The Hongcouver
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‘Immigration prison’ sentence for would-be Canadians is about to get longer

PUBLISHED : Tuesday, 28 January, 2014, 9:24am
UPDATED : Tuesday, 23 February, 2016, 11:52am

There’s a common term in the Chinese immigrant community for the period of residency required before applying for Canadian citizenship.

“Yiminjian”, or “immigration prison” conveys both sentiment and meaning that might surprise non-Chinese Canadians who tend to see residency here as a privilege coveted by those unlucky enough to have been born anywhere other than the Great White North.

Instead, for many Chinese immigrants, the mandatory three years of yiminjian is not something to be enjoyed as the start of a new life in Canada. It’s something to be endured. For these immigrants, the real goal of immigration is a Canadian passport - then it’s back to greater China to get on with making a living.

Now, the “prison sentence” looks like it is about to get longer.

Canada’s conservative government said on Monday it plans to introduce a new Citizenship Act in the current session of parliament, which began this week. Details have not been unveiled, but Immigration Minister Chris Alexander said he wanted to extend the current residency requirement, that immigrants must have lived in Canada for three out of the four years prior to an application for citizenship.

“I think the balance of considerations is in favour of a longer requirement,” Alexander told the National Post last month. “There’s only one way of truly understanding what it means to be Canadian, what it means to participate in Canadian life, and that is by living here.”

Alexander didn’t say how many years he wanted applicants to have lived in Canada, but an immigration lawyer cited by the National Post suggested four out of six years, coupled with the submission of at least two income tax returns.

The term [yiminjian] is highly evocative of immigration as a prison sentence that has to be served before freedom...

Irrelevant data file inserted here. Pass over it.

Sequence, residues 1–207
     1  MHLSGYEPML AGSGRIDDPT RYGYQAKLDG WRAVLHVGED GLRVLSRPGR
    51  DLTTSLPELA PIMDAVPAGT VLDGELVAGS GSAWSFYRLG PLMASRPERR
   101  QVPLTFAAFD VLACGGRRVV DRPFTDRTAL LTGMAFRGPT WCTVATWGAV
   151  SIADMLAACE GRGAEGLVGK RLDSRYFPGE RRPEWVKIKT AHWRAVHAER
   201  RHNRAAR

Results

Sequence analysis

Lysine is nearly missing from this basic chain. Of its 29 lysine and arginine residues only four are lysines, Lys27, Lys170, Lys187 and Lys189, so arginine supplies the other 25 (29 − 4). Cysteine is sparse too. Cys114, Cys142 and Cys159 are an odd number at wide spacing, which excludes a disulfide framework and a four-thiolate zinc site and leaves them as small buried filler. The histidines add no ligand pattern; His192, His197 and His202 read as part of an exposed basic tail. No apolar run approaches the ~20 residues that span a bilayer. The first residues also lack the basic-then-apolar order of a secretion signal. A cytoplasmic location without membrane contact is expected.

UBC researcher Sin Yih Teo

One of the goals is to reduce the backlog of citizenship applications, which has created a two-to-three-year wait time for processing. But Alexander said he also wanted to crack down on passports of convenience. “There will be a few measures in the Citizenship Act to make sure that we're not open to abuse.… I think all Canadians would agree, there's no room for cheating in this process,” he told CBC News last week.

Returning to live in China immediately after getting a Canadian passport might not exactly be cheating, but it’s debateable whether it’s a desirable path for new citizens. The very existence of the term “yiminjian” suggests that plenty of Chinese immigrants don’t really want to live in Canada.

The concept of immigration prison has been widely cited in academic research into the phenomenon of return migration to Hong Kong and mainland China. But it’s little understood in the wider community.

UBC researcher Sin Yih Teo described yiminjian in her 2007 study of skilled Chinese migrants in Vancouver. She even incorporated it into the title of her paper: “Vancouver’s newest Chinese diaspora: settlers or ‘immigrant prisoners’?”

“The term [yiminjian] is highly evocative of immigration as a prison sentence that has to be served before freedom – in the form of a Canadian passport – may be obtained,” Teo wrote.

Teo found that fewer than one-third of the Chinese migrants she interviewed had decided to stay in Canada after getting their passports.

She continued: “I found that there was a clear divide between those who had yet to decide whether they would stay in Canada and those who would stay for 20 years and above. The common refrain among those who had yet to decide was ‘taking one step at a time’ or ‘wait and see’.”

The sentiment of yiminjian is not limited to the current wave of mainland migrants in Canada; many Hong Kong migrants who flocked to Canada in the wake of the Tiananmen massacre were similarly inclined.

In his book Millionaire Migrants, a keystone study of rich Chinese migration to Canada and elsewhere, author David Ley wrote of Hong Kong and Taiwanese families who struggled to replicate business or career success in Vancouver.

“In these distressing conditions, immigrants describe their status [while waiting for Canadian passports] in the telling metaphor of imprisonment or immigrant jail,” Ley wrote.

Are the planned citizenship reforms intended to deter reluctant Canadian residents from seeking citizenship? Alexander did not single out any particular community as targets – but would-be return migrants to greater China would be well served to watch closely.

The Hongcouver blog, is devoted to the hybrid culture of its namesake cities: Hong Kong and Vancouver. All story ideas and comments are welcome. Connect with me by email [email protected] or on Twitter, @ianjamesyoung70